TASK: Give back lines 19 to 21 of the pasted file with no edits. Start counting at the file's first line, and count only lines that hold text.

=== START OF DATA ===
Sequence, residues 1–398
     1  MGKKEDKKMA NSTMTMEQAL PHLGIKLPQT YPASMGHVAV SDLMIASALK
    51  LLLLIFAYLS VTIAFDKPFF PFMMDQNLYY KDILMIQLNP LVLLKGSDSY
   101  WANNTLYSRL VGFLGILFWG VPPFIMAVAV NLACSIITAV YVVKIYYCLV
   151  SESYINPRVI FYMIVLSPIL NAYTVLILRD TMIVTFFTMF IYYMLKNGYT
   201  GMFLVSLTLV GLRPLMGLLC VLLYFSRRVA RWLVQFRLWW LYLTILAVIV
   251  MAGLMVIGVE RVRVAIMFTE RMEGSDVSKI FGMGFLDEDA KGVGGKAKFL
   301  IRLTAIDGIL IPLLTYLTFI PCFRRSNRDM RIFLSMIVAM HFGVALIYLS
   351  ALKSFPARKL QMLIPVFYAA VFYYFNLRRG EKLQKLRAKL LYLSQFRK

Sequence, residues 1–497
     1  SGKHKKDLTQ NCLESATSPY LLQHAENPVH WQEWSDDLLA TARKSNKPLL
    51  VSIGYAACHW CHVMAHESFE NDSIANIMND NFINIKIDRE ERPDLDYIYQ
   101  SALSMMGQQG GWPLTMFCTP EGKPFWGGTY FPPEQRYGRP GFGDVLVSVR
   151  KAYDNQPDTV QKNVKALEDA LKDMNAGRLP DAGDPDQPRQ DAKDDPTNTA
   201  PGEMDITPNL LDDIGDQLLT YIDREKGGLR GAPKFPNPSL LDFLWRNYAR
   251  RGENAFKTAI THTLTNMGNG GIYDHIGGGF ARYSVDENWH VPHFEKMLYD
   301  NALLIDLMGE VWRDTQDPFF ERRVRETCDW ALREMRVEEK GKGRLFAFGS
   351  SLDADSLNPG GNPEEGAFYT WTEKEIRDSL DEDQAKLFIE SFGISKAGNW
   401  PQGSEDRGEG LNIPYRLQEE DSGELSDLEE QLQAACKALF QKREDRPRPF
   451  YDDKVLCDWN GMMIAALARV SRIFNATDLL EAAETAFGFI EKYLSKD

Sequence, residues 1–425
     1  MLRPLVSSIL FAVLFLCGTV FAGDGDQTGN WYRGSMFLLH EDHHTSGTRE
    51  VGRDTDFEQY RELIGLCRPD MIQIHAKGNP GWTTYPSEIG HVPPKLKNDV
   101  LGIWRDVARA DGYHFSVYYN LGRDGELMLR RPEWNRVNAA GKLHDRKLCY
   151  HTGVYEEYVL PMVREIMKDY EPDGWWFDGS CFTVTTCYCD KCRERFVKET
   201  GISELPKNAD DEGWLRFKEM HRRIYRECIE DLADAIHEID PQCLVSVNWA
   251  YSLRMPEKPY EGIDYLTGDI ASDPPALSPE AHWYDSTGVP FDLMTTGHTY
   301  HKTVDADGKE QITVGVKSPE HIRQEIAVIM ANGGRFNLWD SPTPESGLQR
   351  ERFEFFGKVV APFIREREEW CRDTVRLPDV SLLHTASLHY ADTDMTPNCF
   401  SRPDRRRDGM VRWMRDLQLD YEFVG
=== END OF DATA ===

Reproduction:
   401  PQGSEDRGEG LNIPYRLQEE DSGELSDLEE QLQAACKALF QKREDRPRPF
   451  YDDKVLCDWN GMMIAALARV SRIFNATDLL EAAETAFGFI EKYLSKD

Sequence, residues 1–425